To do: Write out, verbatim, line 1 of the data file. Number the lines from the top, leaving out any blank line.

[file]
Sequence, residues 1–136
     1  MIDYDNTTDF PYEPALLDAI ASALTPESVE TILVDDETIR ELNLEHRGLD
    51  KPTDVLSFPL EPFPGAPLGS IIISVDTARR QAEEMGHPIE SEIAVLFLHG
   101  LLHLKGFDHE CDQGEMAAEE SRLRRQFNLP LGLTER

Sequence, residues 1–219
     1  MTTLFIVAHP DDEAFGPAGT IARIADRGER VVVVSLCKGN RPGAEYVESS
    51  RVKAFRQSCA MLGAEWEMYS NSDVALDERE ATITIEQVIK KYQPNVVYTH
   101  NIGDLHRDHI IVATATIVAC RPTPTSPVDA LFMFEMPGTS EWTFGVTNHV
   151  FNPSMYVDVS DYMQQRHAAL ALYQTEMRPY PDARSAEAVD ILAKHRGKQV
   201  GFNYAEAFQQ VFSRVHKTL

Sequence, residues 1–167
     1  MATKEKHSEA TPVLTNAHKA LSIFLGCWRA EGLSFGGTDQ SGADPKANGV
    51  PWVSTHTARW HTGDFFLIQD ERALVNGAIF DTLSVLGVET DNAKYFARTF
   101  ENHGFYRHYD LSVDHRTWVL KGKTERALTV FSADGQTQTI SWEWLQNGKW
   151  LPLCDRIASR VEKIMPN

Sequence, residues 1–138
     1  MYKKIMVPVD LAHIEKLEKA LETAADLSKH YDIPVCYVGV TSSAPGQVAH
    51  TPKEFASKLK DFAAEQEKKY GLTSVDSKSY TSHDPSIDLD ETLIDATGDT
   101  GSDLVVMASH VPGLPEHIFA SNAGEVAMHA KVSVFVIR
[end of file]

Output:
Sequence, residues 1–136